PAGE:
The Five "C's" of Continuous Improvement
Posted by Thomas Edwards on May 23, 2021 12:00 PM EDT
Over the course of a few years, we have spent considerable time in trying to gain a fuller understanding of the various types of innovation....
....as espoused through current literature, research, and shared life experiences. This focus on innovation as a tool for significant and potentially sustained progress-especially in health improvements and living better lives-has led us into interesting perspectives.
However, we have not spent as much time thinking and writing of various other ways to make improvements that most people may find more attractive and likely to adopt. So, in the spirit of continuous improvement, not only in the context of organizational changes and in the changes of individuals and consumers "en masse"-but in the lives and wellbeing of individuals as individuals, I would like to offer my "Theory of the 5 C Words of Continuous Improvement".
Here they are:
Circumstance: When circumstances requirement changes in actions to make improvements and the improved state that is envisioned becomes very desirable, then actions taken to improve those circumstances become more conducive to the improved circumstance actually occurring.
Confidence: When confidence builds around a plan or a need for a large change in the short term, or a long-term progression of smaller, incremental changes then the willingness to adapt the needed changes and put them into action is more attractive to most.
Commitment: It is important for organizations and groups of people and individuals themselves, to understand the need to fully commit to the actions that it will take to fully activate the actions that it will take to be successful, both in the short term and long time horizon as well.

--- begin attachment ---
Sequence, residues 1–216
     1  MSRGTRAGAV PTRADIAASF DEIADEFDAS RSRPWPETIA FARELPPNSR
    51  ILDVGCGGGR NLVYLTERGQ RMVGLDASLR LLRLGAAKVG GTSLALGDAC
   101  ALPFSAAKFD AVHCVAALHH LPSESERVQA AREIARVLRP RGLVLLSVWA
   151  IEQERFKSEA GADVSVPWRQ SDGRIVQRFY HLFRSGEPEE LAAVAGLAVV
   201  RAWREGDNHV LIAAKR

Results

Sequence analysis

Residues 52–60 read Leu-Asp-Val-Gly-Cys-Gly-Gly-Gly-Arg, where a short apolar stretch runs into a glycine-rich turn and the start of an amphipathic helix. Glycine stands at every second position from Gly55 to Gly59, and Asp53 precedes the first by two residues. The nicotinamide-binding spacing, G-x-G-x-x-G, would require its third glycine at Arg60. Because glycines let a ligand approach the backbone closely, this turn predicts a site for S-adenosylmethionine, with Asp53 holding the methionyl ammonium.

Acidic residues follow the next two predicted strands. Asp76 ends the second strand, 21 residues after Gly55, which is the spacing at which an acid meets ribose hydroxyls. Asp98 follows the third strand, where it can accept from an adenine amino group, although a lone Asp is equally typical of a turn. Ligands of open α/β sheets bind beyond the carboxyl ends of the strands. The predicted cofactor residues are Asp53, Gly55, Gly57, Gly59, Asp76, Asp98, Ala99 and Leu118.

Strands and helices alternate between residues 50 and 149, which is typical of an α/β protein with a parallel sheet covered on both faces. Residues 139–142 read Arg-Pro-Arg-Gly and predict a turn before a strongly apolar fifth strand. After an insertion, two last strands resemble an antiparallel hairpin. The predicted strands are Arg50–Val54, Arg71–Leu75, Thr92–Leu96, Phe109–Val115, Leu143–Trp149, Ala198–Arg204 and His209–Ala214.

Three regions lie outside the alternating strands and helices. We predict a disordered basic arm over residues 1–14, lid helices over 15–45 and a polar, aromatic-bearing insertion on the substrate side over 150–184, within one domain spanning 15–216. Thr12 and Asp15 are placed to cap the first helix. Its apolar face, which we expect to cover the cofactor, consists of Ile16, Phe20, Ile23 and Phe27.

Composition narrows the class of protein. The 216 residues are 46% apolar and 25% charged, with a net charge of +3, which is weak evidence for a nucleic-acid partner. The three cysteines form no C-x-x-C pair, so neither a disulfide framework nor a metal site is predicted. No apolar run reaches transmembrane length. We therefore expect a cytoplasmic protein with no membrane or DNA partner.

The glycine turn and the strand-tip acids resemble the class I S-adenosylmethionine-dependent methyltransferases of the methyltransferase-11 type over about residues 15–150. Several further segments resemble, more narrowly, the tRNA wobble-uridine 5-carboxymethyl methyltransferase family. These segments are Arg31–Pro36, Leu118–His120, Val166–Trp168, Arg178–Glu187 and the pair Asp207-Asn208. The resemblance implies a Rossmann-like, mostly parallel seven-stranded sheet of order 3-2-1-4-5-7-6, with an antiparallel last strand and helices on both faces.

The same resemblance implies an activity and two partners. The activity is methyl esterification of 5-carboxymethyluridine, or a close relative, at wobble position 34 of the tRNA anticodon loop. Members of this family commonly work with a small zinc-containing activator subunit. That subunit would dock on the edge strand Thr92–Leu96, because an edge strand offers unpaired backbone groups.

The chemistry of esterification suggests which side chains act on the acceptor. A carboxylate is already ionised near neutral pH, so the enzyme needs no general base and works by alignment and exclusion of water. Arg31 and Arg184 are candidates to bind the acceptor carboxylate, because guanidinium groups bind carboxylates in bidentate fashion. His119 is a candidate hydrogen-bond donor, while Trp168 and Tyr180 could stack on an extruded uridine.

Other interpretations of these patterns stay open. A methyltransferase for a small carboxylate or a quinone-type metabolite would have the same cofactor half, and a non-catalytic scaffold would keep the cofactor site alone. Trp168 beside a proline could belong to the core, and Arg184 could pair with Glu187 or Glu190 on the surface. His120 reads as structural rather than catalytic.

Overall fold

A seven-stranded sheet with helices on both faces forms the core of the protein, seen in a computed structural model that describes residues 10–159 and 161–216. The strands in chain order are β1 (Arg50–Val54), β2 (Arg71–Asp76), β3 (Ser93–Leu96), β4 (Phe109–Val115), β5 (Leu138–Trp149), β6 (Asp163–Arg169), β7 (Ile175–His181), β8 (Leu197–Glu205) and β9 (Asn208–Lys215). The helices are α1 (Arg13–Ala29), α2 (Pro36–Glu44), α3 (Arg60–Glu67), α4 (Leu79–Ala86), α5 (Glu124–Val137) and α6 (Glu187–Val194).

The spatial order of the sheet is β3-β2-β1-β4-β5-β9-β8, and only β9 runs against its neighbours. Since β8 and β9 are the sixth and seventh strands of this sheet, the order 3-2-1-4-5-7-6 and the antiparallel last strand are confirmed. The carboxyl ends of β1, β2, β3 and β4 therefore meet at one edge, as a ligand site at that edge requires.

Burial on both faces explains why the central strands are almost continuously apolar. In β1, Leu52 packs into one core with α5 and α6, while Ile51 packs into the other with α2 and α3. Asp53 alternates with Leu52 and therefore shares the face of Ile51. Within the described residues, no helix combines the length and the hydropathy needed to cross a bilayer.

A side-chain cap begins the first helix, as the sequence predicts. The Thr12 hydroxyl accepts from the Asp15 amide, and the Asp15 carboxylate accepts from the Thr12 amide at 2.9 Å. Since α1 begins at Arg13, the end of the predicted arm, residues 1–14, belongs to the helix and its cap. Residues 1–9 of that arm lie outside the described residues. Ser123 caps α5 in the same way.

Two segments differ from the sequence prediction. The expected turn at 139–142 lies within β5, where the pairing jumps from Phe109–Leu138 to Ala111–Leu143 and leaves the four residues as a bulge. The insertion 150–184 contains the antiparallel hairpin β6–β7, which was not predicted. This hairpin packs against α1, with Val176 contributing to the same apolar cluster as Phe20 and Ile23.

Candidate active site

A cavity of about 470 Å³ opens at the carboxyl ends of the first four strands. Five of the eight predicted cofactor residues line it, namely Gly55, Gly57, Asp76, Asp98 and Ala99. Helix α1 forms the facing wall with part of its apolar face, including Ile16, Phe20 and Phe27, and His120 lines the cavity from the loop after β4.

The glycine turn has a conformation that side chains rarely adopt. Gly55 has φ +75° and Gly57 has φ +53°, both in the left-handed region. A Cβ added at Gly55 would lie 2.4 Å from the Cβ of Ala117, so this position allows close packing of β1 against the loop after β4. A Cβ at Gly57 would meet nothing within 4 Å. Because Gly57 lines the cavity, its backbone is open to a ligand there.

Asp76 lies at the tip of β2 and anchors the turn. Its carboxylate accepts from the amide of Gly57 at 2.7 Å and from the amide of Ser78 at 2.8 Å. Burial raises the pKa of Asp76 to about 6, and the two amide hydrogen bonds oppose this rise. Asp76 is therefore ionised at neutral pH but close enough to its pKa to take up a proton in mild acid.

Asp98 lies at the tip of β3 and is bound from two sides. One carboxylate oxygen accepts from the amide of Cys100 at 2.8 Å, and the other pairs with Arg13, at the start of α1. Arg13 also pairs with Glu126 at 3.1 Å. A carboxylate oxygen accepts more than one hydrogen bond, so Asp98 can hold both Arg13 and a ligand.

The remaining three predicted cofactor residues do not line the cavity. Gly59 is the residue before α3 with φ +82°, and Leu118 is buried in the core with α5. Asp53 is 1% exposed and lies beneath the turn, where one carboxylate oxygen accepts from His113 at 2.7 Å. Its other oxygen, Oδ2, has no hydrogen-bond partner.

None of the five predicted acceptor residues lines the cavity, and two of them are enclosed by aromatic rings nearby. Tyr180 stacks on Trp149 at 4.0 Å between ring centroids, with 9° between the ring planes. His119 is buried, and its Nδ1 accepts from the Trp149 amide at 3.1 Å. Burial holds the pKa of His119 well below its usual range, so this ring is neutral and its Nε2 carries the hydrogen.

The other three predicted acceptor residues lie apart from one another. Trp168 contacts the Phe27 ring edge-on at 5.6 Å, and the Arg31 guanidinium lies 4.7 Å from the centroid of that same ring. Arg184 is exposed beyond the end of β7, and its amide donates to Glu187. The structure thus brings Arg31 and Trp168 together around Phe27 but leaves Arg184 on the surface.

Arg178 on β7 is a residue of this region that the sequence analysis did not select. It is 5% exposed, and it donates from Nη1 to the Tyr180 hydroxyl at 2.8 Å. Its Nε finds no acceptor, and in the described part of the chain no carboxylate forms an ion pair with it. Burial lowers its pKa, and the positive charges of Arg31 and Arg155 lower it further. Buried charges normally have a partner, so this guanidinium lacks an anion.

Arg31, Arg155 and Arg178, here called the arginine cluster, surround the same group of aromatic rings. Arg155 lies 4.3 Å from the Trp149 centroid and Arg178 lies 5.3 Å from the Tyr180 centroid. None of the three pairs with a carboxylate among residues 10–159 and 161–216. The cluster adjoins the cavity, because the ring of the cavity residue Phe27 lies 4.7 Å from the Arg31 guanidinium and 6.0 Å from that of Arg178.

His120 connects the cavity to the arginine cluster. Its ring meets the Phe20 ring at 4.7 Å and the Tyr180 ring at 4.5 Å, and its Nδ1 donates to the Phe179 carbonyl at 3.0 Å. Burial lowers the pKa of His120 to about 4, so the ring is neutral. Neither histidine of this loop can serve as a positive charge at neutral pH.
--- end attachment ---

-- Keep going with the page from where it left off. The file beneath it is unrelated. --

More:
Consequence: Both in the context of positive outcomes and in negative ones as well, it is important that the actions taken will produce the intended effects. While some consequences may indeed be "unintended consequences" and some can be influenced by unforeseen factors, applying consequences to support strong positive improvements or to deter negative ones, is important and individual, organizational, and community-wide levels.
Consistency: Constancy of purpose and focus on both easy and difficult actions taken and measured consistently over time cannot be overemphasized. Whether the improvement in circumstance is large or small, it is the focus on doing the right things, the right way in the right sequence that makes the big difference both in the near term and over time. The old fable of the "Tortoise and the Hare" rings true in most circumstances when change is required and the benefits may not be realized immediately.